Immigration Reform May Prove To Be A Mirage
For a bright, shining moment, it seemed that the abiding spirit among conservative Protestants was one of hospitality and compassion toward the “stranger.” But that turned out to be an illusion. Despite signs that Southern Baptists and other evangelicals might finally embrace the unauthorized immigrants living among us, many conservative churchgoers remain ambivalent or outright hostile to any plans to provide a path toward citizenship.
That helps explain why House Speaker John Boehner and his rebellious caucus have denounced a comprehensive immigration reform proposal recently passed by the U.S. Senate. House Republicans believe their constituents, who include most conservative evangelicals, find comprehensive immigration reform a bit of heresy — amnesty granted to lawbreakers and grifters. There is research to back that conclusion: 55 percent of white evangelical Protestants view immigrants as a “burden,” while 58 percent believe they “threaten” traditional American values, according to the Pew Research Center.
Optimists had concentrated on a less antagonistic — and slightly contradictory — finding from that Pew survey, conducted in March: An overwhelming majority of white evangelicals, 62 percent, said that undocumented workers should be allowed to stay in the country legally. While other religious groups showed greater support, even evangelicals appeared solidly behind the Biblical imperative to treat the “stranger” with charity and acceptance.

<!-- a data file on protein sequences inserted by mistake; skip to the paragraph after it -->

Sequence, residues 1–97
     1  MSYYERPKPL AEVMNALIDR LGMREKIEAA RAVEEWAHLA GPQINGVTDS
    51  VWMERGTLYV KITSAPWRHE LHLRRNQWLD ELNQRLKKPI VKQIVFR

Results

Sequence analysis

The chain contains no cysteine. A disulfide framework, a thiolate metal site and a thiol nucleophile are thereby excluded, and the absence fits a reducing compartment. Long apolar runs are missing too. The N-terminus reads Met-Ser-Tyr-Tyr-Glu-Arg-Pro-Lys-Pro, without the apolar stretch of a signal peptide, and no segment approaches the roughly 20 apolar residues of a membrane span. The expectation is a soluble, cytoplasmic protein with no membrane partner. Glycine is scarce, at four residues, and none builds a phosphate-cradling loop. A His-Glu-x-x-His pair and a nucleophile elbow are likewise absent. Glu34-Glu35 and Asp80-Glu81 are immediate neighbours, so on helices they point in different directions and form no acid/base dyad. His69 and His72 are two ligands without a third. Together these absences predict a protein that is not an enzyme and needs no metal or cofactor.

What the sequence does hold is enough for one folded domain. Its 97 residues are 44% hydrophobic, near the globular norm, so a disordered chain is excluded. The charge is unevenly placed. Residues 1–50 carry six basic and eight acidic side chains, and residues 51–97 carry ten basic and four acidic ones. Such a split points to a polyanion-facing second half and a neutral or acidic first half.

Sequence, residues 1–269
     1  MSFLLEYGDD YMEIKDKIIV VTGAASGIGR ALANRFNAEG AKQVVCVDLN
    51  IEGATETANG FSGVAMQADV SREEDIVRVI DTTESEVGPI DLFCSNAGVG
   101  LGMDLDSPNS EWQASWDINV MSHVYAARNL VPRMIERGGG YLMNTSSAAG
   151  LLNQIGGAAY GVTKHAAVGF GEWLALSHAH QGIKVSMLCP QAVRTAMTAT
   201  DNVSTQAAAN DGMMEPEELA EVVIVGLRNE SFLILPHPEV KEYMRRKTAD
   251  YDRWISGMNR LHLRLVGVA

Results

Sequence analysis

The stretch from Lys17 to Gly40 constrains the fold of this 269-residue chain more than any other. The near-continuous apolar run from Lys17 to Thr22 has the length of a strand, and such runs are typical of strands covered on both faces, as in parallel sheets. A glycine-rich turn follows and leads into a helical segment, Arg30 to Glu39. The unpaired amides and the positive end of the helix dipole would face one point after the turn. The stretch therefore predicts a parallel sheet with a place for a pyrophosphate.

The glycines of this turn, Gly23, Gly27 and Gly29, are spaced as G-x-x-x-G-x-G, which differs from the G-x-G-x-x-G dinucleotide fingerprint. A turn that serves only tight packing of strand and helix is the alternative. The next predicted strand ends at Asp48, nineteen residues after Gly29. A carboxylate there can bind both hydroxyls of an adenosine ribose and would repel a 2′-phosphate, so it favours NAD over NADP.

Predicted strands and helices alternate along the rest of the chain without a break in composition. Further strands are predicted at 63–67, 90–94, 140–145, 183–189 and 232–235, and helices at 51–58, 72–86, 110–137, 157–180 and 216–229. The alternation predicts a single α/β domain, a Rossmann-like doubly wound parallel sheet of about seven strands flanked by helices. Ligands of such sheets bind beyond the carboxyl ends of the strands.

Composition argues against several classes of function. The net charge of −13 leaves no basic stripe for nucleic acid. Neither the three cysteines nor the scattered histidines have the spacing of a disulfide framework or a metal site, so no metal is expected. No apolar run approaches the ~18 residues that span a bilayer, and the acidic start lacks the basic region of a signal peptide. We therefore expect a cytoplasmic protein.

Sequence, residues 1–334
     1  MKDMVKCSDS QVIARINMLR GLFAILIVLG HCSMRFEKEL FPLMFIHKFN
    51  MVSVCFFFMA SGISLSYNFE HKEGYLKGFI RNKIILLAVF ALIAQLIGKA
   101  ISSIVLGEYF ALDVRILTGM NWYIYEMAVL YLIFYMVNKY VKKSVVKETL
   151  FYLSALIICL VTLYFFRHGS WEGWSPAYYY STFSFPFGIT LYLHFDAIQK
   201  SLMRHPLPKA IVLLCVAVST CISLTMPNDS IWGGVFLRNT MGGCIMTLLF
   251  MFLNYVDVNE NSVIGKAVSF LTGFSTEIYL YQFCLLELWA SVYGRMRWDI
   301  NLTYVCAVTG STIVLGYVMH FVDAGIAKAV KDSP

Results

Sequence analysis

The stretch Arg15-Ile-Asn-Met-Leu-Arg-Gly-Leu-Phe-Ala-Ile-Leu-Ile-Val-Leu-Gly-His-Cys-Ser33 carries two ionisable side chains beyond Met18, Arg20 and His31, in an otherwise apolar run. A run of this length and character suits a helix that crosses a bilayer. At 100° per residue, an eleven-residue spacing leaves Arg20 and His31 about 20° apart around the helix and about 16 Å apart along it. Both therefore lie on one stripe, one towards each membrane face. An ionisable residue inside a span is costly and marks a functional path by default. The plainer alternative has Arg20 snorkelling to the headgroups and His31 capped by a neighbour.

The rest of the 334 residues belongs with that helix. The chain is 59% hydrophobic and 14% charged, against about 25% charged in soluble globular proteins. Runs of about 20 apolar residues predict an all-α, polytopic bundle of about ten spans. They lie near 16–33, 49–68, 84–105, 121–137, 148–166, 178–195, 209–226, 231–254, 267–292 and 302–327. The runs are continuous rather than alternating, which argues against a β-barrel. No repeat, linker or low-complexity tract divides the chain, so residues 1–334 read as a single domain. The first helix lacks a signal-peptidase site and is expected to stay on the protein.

And there were other signs that conservative evangelicals might have experienced a road-to-Damascus epiphany, a realization that their belligerence toward undocumented newcomers borders on persecution. Two years ago, the Southern Baptist Convention — the largest and most influential denomination of conservative Protestants — called for “a just and compassionate path to legal status.”
Sure, the language was vague enough to give skeptics room for cover. Still, it denounced bigotry and harassment of the undocumented, which seemed a big step down the path of righteousness for a denomination that didn’t get around to apologizing for endorsing slavery until 1995.
More recently, several prominent evangelicals organized a group called the Evangelical Immigration Table to push to legalize undocumented workers. Prominent SBC pastors — including Richard Land and the organization’s current president, Bryant Wright — have endorsed the Table’s principles.